jury finds defendant guilty of interstate drug conspiracy | USAO-SC

FLORENCE, SOUTH CAROLINA —Brodus Bernard Gregg, 68, of Conway, South Carolina, was convicted after a two-day jury trial in federal court of participating in an interstate cocaine trafficking conspiracy that worked for several years in the Pee Dee.

“Brodus Gregg and his co-conspirators brought large quantities of cocaine from other states to South Carolina, and a jury has now held him responsible for his conduct,” U.S. Attorney Corey F. Ellis said. “We are grateful to the Drug Enforcement Administration and the Aiken County Sheriff’s Office for their work in disrupting and dismantling this criminal enterprise. Along with our federal, state, and local partners, we will continue to prioritize the prosecution of those who profit from the deadly drugs they bring into our communities.

“The DEA’s mission is unwavering – we relentlessly pursue drug traffickers who distribute dangerous drugs like cocaine in our communities,” said Robert J. Murphy, DEA Atlanta Field Division Special Agent in Charge. “These drugs cause immeasurable harm. The DEA and its law enforcement partners are committed to protecting and serving these communities. »

“We so appreciate the partnerships we have with the state and federal agencies that resulted in a conviction for this case. We are grateful to the deputies who initiated this investigation and for their outstanding work,” the county sheriff said. Aiken, Michael Hunt “We will continue to do what we can to stop the distribution of illegal narcotics by working with our law enforcement partners and our community.”

Evidence presented by the government at trial established that beginning around 2015, several drug dealers in the Conway and Myrtle Beach area began paying Gregg between $1,000 and $1,500 to recover kilograms of cocaine and drugs. heroin from supply sources in Bridgeport, Connecticut, and Atlanta, Georgia, and bring the drugs back to South Carolina, where they were broken down for further distribution.

The existence of the conspiracy was revealed in a court-sanctioned wiretap conducted by the Drug Enforcement Administration during the summer of 2020, which intercepted communications from three target phones that were in contact with dozens of traffickers. drugs in the Pee Dee. Further investigation into the inner workings of the criminal enterprise led officers to piece together that Gregg had once been caught during a traffic stop transporting ½ kilogram of cocaine from Atlanta to Conway during a drug supply run for the organization.

Evidence showed that on October 9, 2019, at 8:19 p.m., two deputies from the Aiken County Sheriff’s Office Prohibition Unit stopped Gregg on the shoulder of Interstate 20 near Aiken in due to violation of window tint. Dashboard and body cameras of the arrest showed that upon entering Gregg’s credentials into a car-mounted computer, deputies learned he had an outstanding warrant for a crime without relationship with Georgetown County. Deputies also walked a drug detection dog around Gregg’s vehicle during the stop, and the dog indicated a positive alert for narcotics.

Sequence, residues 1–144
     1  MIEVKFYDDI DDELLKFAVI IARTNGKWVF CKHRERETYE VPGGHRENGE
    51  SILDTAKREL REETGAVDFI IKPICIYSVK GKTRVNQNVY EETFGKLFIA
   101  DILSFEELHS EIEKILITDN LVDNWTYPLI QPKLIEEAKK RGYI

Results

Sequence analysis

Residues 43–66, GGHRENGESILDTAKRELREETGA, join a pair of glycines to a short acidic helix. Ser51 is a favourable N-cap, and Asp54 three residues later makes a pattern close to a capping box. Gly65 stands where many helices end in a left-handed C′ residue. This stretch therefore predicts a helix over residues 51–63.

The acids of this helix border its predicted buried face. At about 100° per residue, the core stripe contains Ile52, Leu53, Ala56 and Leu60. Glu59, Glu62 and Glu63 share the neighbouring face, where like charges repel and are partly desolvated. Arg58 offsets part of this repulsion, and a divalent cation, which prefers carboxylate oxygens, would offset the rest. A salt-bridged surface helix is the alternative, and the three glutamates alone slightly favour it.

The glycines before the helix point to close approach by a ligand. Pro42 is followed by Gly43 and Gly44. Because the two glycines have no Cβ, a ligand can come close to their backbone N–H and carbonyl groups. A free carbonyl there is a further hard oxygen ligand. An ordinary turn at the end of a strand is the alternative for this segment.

When deputies tried to hold Gregg to search his vehicle, he ran and tried to get into his vehicle to flee. A roadside struggle ensued for more than five minutes as dozens of passenger vehicles and commercial trucks sped past them at highway speeds of less than five feet. During that scuffle, the video captured Gregg telling deputies they “should kill him” to detain him.

After Gregg’s arrest, deputies searched his vehicle and found 500.9 grams of cocaine. After being checked by EMS at the roadside, Gregg admitted that he was delivering cocaine from an individual in Atlanta to another individual in Conway. In the months that followed, he also admitted his role in the drug trafficking conspiracy to DEA agents.

At trial, Gregg testified that he did not know what he was carrying and that he believed that on an earlier occasion he had carried beauty products for the beauty salon of a co-conspirator’s wife. . He said he fought the deputies because he felt intimidated during the traffic stop and accused the officers of lying about statements he made during his interviews. Several other members of the conspiracy who had previously pleaded guilty testified as witnesses. They each said that Gregg knew he was carrying cocaine and had been doing it for them for several years. They said the ½ kilogram of cocaine Gregg was carrying was worth around $25,000.

The jury quickly returned a guilty verdict.

United States District Judge Sherri A. Lydon presided over the trial and will sentence Gregg after receiving and reviewing a pre-sentence report to be prepared by the United States Probation Office. Gregg faces 5 to 40 years in federal prison and a $1,000,000 fine. He also faces at least four years of court-ordered post-prison supervision.

The case was investigated by the United States Drug Enforcement Administration and the Aiken County Sheriff’s Office. Deputy United States Attorneys Everett McMillian, lead task force counsel for the Organized Crime and Drug Enforcement Task Force (OECDTF), and Katie Stoughton, who is Chief of the Bureau’s Appeals Division , continued the case. The OECDTF identifies, disrupts, and dismantles the highest-level drug traffickers, money launderers, gangs, and transnational criminal organizations that threaten the United States using a prosecutor-led, multi-agency approach focused on intelligence, which leverages the forces of federal authorities, state and local law enforcement agencies against criminal networks.


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